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    My oldest child has middle child syndrome. He's just never been easy. I do parent him differently than the other three. You have to treat each kid as individuals, especially this type of kid.

    I've learned standard discipline techniques don't work with him and never really have ( he'll be 18 soon). Forget timeouts, 1,2,3 Magic and punishment in general. Natural consequences have been the most effective thing for him and even that I cant really say '"worked".

    Don't feel pressure to employ parenting techniques that everyone you know is using, but doesn't seem to work with your child.

    Good luck.
     
  9. PUZZLDY5

    PUZZLDY5 DIS Veteran

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    I also have 3 boys 3 years apart from each other. My middle son has/had middle child syndrome. I will admit that he was my most challenging child. What we did (and I'm not saying this works for all, it just worked for us) was gave him just a few minutes a day of one on one time. For example, at bed time I would read just him a story or let just him help with baking the cookies/dinner, just talking for a few minutes. Life was not perfect and I will fully admit that he got jealous a lot of his younger brother and tried to keep up with the older but they are now 22, 19 and 16 and the middle son is the most ambitious, focused and self disciplined of all. Hang in there. It will get better.:goodvibes
     
  10. NFLDERS

    NFLDERS DIS Veteran

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    KUDOS to your whole family! :woohoo: I truly believe it takes a whole family, to raise a Middle child!
     
  11. njmom47

    njmom47 <font color=blue>He's such a fiend!<br><font color

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    As a mother of 3 (dd, dd, ds), my middle child is different.
    She and ds were actually very easy to raise, although she loves to claim the middle child syndrome (oldest dd is my toughie). My middle child is actually quite independent and self-sufficient and ambitious, all supposedly because she is the "forgotten" child so she's had to fend for herself pretty much all her life. :rotfl: Her words, not mine!
    I do believe there is such a thing as middle child syndrome, but the outcome will probably be different due to the specifics in a family.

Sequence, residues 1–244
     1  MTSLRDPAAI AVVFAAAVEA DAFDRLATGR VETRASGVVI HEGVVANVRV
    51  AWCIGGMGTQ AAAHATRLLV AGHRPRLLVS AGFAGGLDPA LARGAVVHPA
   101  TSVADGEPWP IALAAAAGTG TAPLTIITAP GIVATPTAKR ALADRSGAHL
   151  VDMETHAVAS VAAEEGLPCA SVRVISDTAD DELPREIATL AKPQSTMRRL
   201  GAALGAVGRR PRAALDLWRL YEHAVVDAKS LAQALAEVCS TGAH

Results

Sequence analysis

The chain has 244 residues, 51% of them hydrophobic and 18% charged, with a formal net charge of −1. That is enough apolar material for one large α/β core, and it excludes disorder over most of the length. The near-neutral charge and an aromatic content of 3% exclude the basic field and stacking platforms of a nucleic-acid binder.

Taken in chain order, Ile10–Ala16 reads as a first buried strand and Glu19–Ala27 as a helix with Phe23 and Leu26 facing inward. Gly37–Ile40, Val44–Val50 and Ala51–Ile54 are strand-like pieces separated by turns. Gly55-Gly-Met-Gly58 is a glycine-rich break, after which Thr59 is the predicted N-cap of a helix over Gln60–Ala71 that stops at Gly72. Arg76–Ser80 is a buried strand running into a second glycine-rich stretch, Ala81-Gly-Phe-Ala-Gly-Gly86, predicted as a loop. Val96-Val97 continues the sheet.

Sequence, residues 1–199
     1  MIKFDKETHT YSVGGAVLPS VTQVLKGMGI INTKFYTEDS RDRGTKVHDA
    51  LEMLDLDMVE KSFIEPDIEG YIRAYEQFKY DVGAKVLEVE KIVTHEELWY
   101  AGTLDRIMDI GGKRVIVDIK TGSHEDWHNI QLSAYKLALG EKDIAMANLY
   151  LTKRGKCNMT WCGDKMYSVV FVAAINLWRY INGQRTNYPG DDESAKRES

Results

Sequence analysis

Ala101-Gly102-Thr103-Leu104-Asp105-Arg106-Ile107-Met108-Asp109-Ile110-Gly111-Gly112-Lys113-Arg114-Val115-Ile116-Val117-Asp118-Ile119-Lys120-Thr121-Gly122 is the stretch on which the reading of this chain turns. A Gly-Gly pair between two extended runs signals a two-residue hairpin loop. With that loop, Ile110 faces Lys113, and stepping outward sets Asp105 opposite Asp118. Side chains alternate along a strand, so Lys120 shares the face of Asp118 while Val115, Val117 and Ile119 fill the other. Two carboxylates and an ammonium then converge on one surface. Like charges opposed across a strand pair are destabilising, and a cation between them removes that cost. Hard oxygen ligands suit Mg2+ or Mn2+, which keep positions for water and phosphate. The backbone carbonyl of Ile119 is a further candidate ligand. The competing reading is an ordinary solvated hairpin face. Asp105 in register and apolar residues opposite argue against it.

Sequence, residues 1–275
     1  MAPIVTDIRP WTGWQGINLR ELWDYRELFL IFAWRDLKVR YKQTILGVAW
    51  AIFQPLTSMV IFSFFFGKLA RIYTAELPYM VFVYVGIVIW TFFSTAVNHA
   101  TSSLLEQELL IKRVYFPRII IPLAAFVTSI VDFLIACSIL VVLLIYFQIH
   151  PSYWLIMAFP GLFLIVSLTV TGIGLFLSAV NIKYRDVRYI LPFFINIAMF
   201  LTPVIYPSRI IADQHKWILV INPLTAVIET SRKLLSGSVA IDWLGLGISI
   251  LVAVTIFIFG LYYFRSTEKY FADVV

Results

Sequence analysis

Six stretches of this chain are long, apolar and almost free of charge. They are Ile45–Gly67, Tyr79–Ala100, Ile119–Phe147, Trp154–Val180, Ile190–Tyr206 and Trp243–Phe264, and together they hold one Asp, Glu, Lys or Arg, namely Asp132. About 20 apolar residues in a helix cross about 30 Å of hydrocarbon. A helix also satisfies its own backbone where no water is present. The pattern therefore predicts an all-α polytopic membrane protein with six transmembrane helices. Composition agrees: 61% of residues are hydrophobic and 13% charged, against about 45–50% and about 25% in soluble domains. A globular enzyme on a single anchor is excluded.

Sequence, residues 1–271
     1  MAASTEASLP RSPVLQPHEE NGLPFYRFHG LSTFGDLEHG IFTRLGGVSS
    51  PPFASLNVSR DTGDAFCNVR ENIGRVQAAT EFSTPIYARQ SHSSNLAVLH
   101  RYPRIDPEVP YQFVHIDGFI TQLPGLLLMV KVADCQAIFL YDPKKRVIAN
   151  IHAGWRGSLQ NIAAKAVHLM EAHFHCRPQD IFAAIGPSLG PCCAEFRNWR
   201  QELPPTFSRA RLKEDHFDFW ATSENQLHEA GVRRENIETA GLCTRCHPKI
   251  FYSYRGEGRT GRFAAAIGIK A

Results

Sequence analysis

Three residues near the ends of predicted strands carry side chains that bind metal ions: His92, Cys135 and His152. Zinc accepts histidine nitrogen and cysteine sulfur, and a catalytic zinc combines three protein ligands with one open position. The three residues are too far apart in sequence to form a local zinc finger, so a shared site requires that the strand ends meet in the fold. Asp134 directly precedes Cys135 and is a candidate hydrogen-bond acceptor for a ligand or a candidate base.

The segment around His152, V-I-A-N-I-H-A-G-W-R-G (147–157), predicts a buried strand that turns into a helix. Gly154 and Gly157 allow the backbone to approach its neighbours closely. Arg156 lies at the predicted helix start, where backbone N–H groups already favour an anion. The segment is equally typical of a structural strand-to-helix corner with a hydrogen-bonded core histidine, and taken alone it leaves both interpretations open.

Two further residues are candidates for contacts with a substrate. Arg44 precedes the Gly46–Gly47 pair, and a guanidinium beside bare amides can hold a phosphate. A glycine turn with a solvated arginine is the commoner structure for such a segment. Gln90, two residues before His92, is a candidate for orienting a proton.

(For example: mine are REALLY close in age, dd#1 always felt she had to compete with dd#2, the "baby" is the only boy, etc)
    But IMO all children are individuals and should be disciplined and treated as such, although basic ground rules should apply. One on one time is important too.
     
  12. MickeyMom2Boys

    MickeyMom2Boys DIS Veteran

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    Thanks for all the comments! It helps to know I'm not alone here! The biggest trend I see in these comments is to make sure we have some one on one time. This is something I have wanted to do with my two oldest for a while now. Our sports schedules and my husbands work schedule (he gets home around the kids bedtime) has made it difficult but I do think it may help. I also think he had the middle child syndrome before he was the middle child! This is his personality. I need to figure out how to work with that and build and make sure it's not a constant battle and pushes him away.

    We do have a no tolerance policy for the meltdowns. I don't give in to them and try to cut them off before they start. Luckily, they only get bad when he's over tired. I remember one year in Disney, standing in line for Buzz lightyear. We were all hot and tired and I was 6 months pregnant. He lost it because I wouldn't hold him in line. He cried for about 30 minutes straight! I finally had to put him in the stroller, strap him in and turn him away from us so he couldn't see us. I sat with him facing away from me while DH and my oldest DS went off to do a couple of things. He finally calmed down when the attention stopped!

    Thanks for the suggestions and just for letting me vent! I really hope he finds his "thing". Preferably something that he can do on his own that he truly loves. Something that is truly "his". He starts football next week. He'll either love it or hate it, but right now insists that he wants to play it. I guess we'll just keep trying things until he finds his place.
     
  13. NFLDERS

    NFLDERS DIS Veteran

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    OP/. His place is a treasured member in your family. ;)
     
  14. MickeyMom2Boys

    MickeyMom2Boys DIS Veteran

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    Yes, it is and I know that, but I need him to see that too! I love him dearly and he has some amazing traits that are his own. His is the craziest, funniest one of the bunch! He's tons of fun to be around when he isn't melting down. It just seems like whatever I do to make him see that isn't enough for him. I think he if had his own activity that he truly enjoyed and was passionate about it would help him find his way. But I feel like he's stuck trying to do what his big brother does instead of doing what he wants to do. He has said he wants to play the drums. He's taking electric guitar lessons now - again because his brother started taking them so he wanted to do it also. I'm thinking we need to switch him to drums and let him be able to do something his brother doesn't do.
     
  15. Southernmiss

    Southernmiss <font color=green>I am hazed everyday<br><font col

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    What about a martial art or individual type sport? I have heard so many good things about taikwondo.
     
  16. luvmy3jewels

    luvmy3jewels DIS Veteran